Tolerance as the Key to Survival

Tuzla Gate (photo: Mirko Pincelli)

Unity in diversity and mutual tolerance have always been present as a modus vivendi in Bosnian society, even during desperate times. The story of two religious leaders in Tuzla testifies to this, as they found a solution to a common issue, despite their differences. They had the same issue which was bigger than the differences between them – the question of human lives and death. And the solution to this issue was the mass burial of the victims of the massacre at Kapija, which was a mutual proposal by Muhamed effendi Lugavić and fra Petar Matanović.

The Massacre at Kapija, also known as the Tuzla Youth’s Massacre, was a war crime committed against the civilians of Tuzla on May 25, 1995. At 8:55 pm that day, the Army of the Republika Srpska fired a grenade from Ozren on the Tuzla promenade, a meeting place of young people known as Kapija. The grenade killed 71 Tuzla citizens and wounded over 150. The average age of the citizens killed was 24 years old.

As fra Petar Matanović says, “War is a special psychological condition of human personality and consciousness, which in certain people or groups creates a certain deviant behavior.“ In order to avoid the undesirable reactions of individuals and certain social groups, it is necessary that social actors act consciously, responsibly and rationally, he states.

Politicians and authorities during war focus their resources on military defense planning and collective protective actions, and do not have the time or resources to deal with ordinary citizens and their behavior. Therefore, individuals in such times are left to themselves, to their own moral conscience.

What keeps this conscience “awake“ for many people in such moments is religion – religious and spiritual principles. As a result, religious leaders are the first to encourage the awakening of moral consciousness in people in harsher times such as war.

Fra Petar Matanović (source:

In an interview with Balkan Diskurs, Fra Petar states that from May 1992 to May 1996 only religious officials of the Islamic and Catholic communities were active in Tuzla. “As for the cooperation between the believers of all religious communities, it is rare to hear that someone has been provoked or harassed because that person is of another religion,” said fra Petar.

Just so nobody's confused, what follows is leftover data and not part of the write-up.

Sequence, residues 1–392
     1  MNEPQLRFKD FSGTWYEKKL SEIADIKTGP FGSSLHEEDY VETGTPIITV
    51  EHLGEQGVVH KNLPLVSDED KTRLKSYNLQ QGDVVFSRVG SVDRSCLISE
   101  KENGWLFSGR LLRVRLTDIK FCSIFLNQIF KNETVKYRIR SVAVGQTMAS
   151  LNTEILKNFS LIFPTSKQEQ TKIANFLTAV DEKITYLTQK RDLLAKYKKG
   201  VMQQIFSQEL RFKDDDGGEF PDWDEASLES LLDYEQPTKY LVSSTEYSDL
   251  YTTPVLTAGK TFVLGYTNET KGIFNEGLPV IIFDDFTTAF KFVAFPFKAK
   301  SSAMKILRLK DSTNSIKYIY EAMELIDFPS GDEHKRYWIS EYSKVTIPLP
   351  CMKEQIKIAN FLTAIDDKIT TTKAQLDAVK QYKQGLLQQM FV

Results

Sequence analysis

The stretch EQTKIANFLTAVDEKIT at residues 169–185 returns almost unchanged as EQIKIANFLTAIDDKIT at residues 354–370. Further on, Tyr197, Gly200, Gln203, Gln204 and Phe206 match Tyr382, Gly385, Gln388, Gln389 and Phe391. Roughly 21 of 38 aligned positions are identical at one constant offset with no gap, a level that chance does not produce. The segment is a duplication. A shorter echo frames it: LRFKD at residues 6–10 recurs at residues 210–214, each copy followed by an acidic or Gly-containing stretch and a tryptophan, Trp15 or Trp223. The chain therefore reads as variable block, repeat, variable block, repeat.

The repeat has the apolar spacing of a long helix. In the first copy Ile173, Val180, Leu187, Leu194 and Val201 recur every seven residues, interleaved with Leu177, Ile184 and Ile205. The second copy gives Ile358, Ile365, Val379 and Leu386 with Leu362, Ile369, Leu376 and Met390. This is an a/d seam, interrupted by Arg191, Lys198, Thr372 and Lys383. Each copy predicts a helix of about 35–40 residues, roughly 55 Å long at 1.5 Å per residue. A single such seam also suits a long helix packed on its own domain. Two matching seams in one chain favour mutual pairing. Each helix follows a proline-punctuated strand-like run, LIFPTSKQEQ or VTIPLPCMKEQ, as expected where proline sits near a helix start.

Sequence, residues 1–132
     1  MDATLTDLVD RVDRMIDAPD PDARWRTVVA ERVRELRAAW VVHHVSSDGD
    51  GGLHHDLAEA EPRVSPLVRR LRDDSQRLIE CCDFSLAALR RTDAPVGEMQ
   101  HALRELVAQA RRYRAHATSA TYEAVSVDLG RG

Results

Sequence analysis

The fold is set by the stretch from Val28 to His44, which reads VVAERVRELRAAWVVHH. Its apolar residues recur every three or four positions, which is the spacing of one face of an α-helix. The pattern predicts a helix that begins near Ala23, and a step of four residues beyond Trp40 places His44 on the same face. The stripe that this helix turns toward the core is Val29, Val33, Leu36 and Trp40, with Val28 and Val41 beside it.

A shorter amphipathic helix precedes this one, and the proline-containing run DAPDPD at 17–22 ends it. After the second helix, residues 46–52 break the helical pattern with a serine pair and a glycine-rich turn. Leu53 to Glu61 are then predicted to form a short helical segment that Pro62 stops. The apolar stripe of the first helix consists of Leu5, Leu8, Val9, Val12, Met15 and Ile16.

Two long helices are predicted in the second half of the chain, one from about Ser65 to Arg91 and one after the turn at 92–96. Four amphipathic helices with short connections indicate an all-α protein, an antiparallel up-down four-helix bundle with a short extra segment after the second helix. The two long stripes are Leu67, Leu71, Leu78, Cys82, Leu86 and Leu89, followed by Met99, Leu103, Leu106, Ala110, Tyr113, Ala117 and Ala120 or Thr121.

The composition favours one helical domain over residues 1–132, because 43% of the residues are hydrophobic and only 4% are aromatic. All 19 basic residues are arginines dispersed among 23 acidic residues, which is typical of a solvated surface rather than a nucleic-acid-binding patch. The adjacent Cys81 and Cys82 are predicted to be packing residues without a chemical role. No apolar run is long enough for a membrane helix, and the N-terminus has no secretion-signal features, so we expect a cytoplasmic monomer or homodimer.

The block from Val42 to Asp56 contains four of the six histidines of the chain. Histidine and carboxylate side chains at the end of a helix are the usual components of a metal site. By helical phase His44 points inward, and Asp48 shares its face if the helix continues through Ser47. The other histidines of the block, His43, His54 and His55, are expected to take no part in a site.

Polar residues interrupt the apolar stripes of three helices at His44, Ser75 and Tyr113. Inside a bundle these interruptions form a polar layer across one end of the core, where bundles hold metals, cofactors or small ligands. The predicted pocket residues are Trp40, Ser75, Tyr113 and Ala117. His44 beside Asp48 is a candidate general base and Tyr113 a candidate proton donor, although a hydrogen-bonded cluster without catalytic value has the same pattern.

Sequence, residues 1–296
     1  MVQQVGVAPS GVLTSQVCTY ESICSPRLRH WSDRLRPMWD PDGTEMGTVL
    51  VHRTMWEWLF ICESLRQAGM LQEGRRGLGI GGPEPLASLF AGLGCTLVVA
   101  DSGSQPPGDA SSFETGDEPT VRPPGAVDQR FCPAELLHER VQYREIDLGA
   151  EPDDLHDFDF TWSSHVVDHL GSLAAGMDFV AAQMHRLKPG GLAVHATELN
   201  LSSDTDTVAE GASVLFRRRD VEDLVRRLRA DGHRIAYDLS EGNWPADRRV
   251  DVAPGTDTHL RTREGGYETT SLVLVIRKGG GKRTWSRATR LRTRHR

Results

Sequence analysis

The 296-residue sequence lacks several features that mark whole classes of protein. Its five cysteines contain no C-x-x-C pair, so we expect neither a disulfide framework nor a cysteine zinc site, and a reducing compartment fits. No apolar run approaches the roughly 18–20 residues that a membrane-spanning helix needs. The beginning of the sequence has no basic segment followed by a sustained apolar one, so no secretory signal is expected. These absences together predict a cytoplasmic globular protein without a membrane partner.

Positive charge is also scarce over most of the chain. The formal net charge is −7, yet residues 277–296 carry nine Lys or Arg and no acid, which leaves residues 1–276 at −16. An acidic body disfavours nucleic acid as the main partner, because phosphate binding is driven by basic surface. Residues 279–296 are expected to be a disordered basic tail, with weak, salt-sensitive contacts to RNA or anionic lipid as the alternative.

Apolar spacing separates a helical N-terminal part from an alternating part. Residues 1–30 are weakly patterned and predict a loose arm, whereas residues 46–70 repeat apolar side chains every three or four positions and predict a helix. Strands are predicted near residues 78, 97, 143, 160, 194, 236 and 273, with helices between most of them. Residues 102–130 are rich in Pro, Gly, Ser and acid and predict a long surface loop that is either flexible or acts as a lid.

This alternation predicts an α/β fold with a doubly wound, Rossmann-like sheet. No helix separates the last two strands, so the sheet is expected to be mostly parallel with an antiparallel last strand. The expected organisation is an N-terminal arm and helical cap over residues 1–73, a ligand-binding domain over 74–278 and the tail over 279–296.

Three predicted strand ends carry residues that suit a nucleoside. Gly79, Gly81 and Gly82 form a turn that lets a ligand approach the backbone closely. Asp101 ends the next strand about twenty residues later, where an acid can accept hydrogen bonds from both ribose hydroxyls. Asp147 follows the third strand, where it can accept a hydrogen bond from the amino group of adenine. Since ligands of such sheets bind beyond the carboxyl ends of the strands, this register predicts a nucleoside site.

Due to this kind of cooperation between the religious communities, it was not difficult for fra Petar Matanović and Muhamed effendi Lugavić to agree to hold a mass funeral for the victims of the massacre after the tragedy at the Tuzla Gate.

“A religious official must be what his faith demands of him and what space and time require,” said Effendi Muhamed in an interview with BH Dani magazine.

Muhamed ef. Lugavić and fra Petar Matanović at the cemetery for victims of the massacre at Kapija, June 2019 (source: Radio Free Europe)
Muhamed ef. Lugavić and fra Petar Matanović at the cemetery for victims of the massacre at Kapija, June 2019 (source: Radio Free Europe)

The massacre at the Gate is a horrifying, eerie event. Some reacted to it poorly. As the effendi went on, “At that same place children died, the youth of the city. I was hurt when I heard the comments how they would not have died if they had been on the front lines instead of in a cafe, where they may have consumed alcohol, although at that time there was practically nothing to eat properly, let alone drink. I confronted them by saying that death is not just for someone who thinks one way or another, but death is God given. Then there was talk that they could not be buried in one place.ˮ

“I had no valid reason, neither religious, nor moral, nor any other, not to hold a funeral for those children, the youth who perished at the Gate, although it is known that it was not supposed to be be done,” says Effendi Muhamed.

The harmonious and tolerant cooperation among the religious communities, which operated during those harsh times, mattered more. As fra Petar says, “It is no wonder that we managed to go beyond those challenges and agree upon (after the severe tragedy which occured at the Tuzla Gate) fulfilling the wish of the majority of parents of victims and some people who suggested that the youth be buried together on the location of the former Slana Banja.”

The way forward for Bosnia and Herzegovina as a sovereign state, a community of all three peoples, can be maintained only through mutual interethnic and interreligious tolerance and its promotion. In this context, fra Petar Matanović states, “We need our individual and collective differences only to carry through our lives and professions. Differences are a natural phenomenon. And only in the unity and togetherness of different people and groups can we meet our social needs.ˮ

“We cannot live without each other, no matter what our names are or ethnic group, or country. Bosnia and Herzegovina is a small country, and as such, it cannot survive without internal harmony and cooperation with other countries and peoples,” said fra Petar Matanović at the end of the conversation.

Maida is a trained Balkan Diskurs youth correspondent from Tuzla. She was born on June 26, 1999, in Tuzla, where she is also educated. She is currently a third-year student in the study program Political Science, International Relations and Diplomacy at the Faculty of Philosophy. As an active student, she acts as the President of the Student Council of the Faculty of Philosophy, University of Tuzla, as well as the Vice President of the Student Parliament of the University of Tuzla, and the President of the Commission for Economics and International Cooperation of the Student Parliament of the University of Tuzla.

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